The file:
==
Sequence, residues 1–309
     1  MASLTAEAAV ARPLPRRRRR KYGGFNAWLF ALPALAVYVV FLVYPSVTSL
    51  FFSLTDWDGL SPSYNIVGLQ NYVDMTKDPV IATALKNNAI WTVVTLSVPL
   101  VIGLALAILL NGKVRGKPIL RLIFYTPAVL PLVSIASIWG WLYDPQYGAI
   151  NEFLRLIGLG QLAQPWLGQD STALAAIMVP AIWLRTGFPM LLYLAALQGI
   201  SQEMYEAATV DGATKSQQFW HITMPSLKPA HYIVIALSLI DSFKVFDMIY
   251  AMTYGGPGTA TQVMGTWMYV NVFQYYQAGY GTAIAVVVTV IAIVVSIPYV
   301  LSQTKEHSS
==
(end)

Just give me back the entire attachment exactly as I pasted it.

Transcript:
Sequence, residues 1–309
     1  MASLTAEAAV ARPLPRRRRR KYGGFNAWLF ALPALAVYVV FLVYPSVTSL
    51  FFSLTDWDGL SPSYNIVGLQ NYVDMTKDPV IATALKNNAI WTVVTLSVPL
   101  VIGLALAILL NGKVRGKPIL RLIFYTPAVL PLVSIASIWG WLYDPQYGAI
   151  NEFLRLIGLG QLAQPWLGQD STALAAIMVP AIWLRTGFPM LLYLAALQGI
   201  SQEMYEAATV DGATKSQQFW HITMPSLKPA HYIVIALSLI DSFKVFDMIY
   251  AMTYGGPGTA TQVMGTWMYV NVFQYYQAGY GTAIAVVVTV IAIVVSIPYV
   301  LSQTKEHSS